Cultural Collision: The Interference of First Language Cultural Identity on Pragmatic Competence of the Target Language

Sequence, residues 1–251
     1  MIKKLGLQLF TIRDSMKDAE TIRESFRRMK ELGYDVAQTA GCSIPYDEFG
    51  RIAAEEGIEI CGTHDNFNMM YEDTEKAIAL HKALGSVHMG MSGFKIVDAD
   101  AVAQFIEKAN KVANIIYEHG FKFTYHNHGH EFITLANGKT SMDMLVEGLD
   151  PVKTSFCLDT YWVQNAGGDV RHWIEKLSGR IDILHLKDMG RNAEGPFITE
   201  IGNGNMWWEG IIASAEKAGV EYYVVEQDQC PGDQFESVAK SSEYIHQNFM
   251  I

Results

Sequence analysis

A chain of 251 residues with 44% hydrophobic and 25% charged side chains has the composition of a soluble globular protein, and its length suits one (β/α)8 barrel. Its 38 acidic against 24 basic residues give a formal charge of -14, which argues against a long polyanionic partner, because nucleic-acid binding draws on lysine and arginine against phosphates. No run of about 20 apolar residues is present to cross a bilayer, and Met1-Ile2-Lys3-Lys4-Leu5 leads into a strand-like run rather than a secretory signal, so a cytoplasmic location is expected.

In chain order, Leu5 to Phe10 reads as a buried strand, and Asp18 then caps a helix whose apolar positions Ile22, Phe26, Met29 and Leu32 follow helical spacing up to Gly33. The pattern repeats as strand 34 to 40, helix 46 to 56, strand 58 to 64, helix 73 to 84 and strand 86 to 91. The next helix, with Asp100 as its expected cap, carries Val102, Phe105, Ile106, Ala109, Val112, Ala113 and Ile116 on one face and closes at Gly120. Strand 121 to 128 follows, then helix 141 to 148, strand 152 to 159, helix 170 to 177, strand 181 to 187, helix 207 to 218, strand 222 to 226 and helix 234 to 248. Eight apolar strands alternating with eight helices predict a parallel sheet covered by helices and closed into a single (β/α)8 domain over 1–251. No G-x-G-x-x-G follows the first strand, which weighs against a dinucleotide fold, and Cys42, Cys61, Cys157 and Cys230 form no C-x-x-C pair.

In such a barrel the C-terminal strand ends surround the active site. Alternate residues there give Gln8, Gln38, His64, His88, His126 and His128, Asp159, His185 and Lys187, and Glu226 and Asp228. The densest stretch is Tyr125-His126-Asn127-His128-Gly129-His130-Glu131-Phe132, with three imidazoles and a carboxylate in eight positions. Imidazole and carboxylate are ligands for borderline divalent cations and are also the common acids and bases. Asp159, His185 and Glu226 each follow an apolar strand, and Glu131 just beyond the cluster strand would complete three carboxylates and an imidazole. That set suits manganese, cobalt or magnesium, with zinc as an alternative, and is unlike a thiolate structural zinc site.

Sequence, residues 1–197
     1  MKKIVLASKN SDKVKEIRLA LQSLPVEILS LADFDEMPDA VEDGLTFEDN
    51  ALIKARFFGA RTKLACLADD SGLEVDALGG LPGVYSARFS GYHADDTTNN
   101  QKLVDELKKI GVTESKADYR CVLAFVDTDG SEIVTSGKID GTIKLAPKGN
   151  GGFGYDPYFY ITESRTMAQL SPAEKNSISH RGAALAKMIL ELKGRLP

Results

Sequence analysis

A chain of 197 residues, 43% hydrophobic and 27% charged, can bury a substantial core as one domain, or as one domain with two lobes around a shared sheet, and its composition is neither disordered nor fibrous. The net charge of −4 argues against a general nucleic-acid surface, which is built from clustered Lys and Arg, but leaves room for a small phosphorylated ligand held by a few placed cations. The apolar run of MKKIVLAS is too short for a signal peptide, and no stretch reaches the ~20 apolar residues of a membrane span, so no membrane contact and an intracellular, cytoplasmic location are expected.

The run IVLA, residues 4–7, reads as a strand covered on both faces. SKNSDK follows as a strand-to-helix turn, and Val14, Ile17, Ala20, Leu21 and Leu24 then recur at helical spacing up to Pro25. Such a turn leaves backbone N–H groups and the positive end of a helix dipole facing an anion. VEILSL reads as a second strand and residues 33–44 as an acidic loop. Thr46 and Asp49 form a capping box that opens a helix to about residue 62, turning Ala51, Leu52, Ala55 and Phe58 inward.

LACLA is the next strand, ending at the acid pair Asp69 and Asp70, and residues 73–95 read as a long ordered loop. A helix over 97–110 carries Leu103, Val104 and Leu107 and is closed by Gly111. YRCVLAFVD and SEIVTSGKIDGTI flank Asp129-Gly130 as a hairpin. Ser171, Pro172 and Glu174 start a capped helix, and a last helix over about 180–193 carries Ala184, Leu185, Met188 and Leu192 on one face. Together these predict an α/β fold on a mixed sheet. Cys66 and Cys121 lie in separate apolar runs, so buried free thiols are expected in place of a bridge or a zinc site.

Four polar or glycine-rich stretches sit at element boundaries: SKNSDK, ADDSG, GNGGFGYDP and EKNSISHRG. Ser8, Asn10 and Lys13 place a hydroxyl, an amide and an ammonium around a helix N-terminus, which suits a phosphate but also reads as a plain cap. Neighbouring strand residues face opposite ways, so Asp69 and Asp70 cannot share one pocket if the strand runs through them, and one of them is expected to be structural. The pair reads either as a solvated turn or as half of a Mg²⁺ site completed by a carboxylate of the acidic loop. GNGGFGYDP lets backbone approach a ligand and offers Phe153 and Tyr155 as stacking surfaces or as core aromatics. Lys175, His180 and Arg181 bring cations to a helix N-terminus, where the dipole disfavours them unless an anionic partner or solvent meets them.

AbstractThis reflective study explores a different perspective of intercultural communicative competency (ICC) by focusing on the speech acts that nonnative speakers of Spanish from diverse linguistic and cultural backgrounds find difficult to perform competently in various contexts in Colombia. This article covers a qualitative case study using interpretative phenomenological analysis to describe these foreign learners’ experiences. It aims to understand the role of their first language, culture, and identity in their use of Spanish and intercultural communication. The data was collected through interviews and reflection notes. The findings demonstrate the interaction and negotiation between the pragmatic knowledge embedded in participants’ mother tongue and the target language as they encountered contradictions of their native cultural identity and that of the target culture.
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